Updated: Jun 19, 2019
Charlie Munger, the right hand man to Warren Buffett, popularized a simple, but profound saying originated by a German mathematician named Jacobi. The saying was this: invert, always invert.
Jacobi was talking about math, but his ideas apply more broadly to problem solving as well. Inversion is the practice of looking at a problem from a different perspective. For example, let’s say your goal is to lose weight. You might do some research and find that eating fewer calories than you burn is the solution in its simplest form. So you set out to make a change and see results. But for some reason, it just doesn’t seem to be working.
Let’s try inverting the problem. Instead of asking yourself, “what is the best way to lose weight?” you might ask, “what is preventing me from losing weight?” This may seem like the same question, but it isn’t. It forces you to look at the problem in a different way, by focusing on the roadblocks rather than willpower.
By inverting and focusing on the obstacles to your goal, you may find out that you actually eat more and exercise less when you’re in a hurry. You might also find that you eat more when junk food is convenient. Therefore, you can focus on those two roadblocks: being in a hurry and the convenience of junk food.
You may make the change to leave work a little earlier to make sure you have time to cook a healthy meal and you may forbid yourself to keep junk food in the house. The value of this is that you aren’t depending on your willpower, but just setting up the right systems to achieve your goals. This is the power of looking at problems in a slightly different way.
But what does any of this have to do with investing? Well, investing is problem solving so inversion can help. Instead of asking yourself, “what is the best way to become a great investor?” you may ask, “what is preventing me from becoming a great investor?” In that spirit, I wanted to lay out the inversion of a great investor. Put simply, here is what not to do.
Wake up and immediately check the prices of your stocks.
Then, dozens of times throughout the day, stay glued to the minor fluctuations.
Watch CNBC and talking heads, leading you to worry about the latest economic crisis.
Buy that stock tip from the online publication that has the tagline, “Latest Hot Stock Tips! Don’t Miss Out!”
Don’t focus on the business results; instead, just buy what that smart neighbor tells you to.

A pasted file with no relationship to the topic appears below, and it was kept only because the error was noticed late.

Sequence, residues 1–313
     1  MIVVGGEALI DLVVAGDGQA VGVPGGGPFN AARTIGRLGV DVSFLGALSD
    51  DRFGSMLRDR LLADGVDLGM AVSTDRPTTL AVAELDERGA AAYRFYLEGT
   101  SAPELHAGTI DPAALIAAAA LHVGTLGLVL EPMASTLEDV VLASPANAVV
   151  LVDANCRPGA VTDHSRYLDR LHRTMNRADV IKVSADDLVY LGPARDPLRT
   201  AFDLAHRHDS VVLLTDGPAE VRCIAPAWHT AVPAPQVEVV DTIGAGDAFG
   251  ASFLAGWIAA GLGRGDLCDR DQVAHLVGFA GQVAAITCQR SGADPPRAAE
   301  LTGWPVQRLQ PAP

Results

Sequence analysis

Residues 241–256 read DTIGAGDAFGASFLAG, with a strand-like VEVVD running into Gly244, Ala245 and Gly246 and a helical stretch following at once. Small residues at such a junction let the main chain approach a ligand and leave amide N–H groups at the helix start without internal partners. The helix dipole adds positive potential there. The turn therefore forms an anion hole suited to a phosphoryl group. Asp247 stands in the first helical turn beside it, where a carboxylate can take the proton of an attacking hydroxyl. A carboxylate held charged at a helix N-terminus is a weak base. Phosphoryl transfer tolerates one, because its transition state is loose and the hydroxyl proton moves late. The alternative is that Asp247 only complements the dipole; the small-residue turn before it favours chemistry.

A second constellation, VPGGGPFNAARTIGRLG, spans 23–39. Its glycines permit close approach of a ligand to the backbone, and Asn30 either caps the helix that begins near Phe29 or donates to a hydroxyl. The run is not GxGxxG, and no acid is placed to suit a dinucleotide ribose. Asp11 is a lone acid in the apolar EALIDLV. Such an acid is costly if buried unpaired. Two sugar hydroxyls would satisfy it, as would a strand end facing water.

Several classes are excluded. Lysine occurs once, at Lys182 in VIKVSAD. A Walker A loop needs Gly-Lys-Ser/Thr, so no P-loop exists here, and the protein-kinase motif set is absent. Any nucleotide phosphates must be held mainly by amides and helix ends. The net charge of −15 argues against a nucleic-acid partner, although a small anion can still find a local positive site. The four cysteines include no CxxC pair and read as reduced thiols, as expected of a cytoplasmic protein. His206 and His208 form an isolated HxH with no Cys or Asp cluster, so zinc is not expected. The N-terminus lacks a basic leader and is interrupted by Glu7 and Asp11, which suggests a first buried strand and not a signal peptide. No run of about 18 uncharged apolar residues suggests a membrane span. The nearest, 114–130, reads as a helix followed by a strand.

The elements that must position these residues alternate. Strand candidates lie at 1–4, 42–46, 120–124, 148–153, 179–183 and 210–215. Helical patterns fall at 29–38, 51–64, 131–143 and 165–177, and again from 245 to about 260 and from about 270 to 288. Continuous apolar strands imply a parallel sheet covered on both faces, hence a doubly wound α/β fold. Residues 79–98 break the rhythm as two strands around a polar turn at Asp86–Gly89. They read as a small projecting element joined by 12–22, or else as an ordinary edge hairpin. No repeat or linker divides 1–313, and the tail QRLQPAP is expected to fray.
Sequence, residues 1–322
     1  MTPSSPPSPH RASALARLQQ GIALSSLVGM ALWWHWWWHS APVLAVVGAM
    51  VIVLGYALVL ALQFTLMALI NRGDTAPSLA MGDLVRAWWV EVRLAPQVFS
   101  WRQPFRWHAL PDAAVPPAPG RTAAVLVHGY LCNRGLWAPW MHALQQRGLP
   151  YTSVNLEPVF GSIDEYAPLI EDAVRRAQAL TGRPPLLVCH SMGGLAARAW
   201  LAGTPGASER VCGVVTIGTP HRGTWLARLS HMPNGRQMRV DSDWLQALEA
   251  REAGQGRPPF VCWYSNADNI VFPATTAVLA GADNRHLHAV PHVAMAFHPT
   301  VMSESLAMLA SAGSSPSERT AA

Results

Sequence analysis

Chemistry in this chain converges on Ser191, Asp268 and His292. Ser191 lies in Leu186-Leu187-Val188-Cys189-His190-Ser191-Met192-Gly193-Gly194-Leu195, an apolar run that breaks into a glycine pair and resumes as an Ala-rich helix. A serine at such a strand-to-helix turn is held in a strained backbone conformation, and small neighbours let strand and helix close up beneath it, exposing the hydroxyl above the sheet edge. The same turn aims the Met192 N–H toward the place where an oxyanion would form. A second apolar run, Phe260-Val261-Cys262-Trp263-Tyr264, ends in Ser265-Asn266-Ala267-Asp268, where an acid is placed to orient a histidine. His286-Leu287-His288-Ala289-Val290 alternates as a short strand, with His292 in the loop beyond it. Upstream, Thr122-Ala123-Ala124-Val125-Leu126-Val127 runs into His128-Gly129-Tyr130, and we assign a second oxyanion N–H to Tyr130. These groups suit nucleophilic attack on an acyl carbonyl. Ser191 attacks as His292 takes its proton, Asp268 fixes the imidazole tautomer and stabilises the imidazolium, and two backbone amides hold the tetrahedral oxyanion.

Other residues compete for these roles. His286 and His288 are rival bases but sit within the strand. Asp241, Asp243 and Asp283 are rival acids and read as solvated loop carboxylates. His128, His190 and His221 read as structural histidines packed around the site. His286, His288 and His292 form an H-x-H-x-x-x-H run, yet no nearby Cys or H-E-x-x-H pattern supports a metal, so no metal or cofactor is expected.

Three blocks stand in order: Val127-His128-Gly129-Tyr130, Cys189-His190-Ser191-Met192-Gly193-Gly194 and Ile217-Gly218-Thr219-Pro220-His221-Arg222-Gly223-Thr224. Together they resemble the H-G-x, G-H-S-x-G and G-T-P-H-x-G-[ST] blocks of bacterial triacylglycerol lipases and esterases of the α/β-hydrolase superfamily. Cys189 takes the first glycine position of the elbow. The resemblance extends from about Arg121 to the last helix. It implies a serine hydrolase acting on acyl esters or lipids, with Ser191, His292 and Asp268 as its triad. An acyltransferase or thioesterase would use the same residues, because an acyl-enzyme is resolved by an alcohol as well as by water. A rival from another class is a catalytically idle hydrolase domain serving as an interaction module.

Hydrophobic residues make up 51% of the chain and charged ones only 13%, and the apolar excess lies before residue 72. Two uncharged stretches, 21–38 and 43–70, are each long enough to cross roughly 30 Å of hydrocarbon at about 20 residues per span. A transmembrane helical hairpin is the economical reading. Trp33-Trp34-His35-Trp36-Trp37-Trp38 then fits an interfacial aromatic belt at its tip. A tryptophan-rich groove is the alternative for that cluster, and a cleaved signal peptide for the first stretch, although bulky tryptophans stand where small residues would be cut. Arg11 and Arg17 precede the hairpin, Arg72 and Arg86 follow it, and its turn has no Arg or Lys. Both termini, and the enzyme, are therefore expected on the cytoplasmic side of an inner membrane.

Keep up with all the latest financial news to make sure you’re an “informed investor.”
Don’t learn how to value a company, but instead just focus on metrics that you have been told are important like something called a PE or was it EP?…I forget. Anyway, make as many trades as possible to maximize your gains. You don’t want to miss out on profits after all.
Buy low, sell high.*
Make daily trades. Inactivity is boring and a waste of time.
Don’t sell that one laggard stock, it has gone down too far. You have to wait until it gets back to the price that you bought it at. Oh, and don’t buy that really great company, its stock has increased 50% in the past four months. That goes against buy low, sell high.
Don’t research the company, just check the stock chart. It seems like it has gone down too far to stay there. It can’t possible go lower.
Do more research before purchasing that new $600 TV than on a huge investment in a new stock.
Freak out when the market is down more than 1% in a day.
Contemplate selling all your stocks so you can “get out while you can.”
Act emotionally and have no basis for why you are making your decisions, just follow your gut.
Become cocky after a good week in the market.
If you get lucky and make a great trade, believe it was because of your skill. If you get burned on a trade, blame it on Trump.
Don’t read the annual reports of companies; those are boring. Instead, read the short 400 word articles from your favorite financial news site telling you to buy their latest picks.
Don’t try to change your mind at all, but make sure your conviction never waivers.
Don’t think independently; follow the crowd.
“Buy the dips.”
When your stocks go down, don’t put any cash to work; the markets could go down more!
Let your mood be affected by the markets; after all, aren’t you serious about this?!
There you have it, if you ever want to be a terrible investor, it’s all laid out for you. Just follow each of those steps and you’ll be well on your way to awful returns and a miserable investing experience. There is one thing in common for all of that anti-advice: it’s easy to do. It’s easy to flip on the TV and see a guy screaming “BUY, BUY, BUY.” It’s easy to sell because you’re nervous. It’s easy to let others form your opinions. But it will lead to sub-par returns.
If you do the things that everyone else does, you’ll get the same results. It’s that simple. Take the road less followed. And remember to invert, always invert.
*-more on that another time
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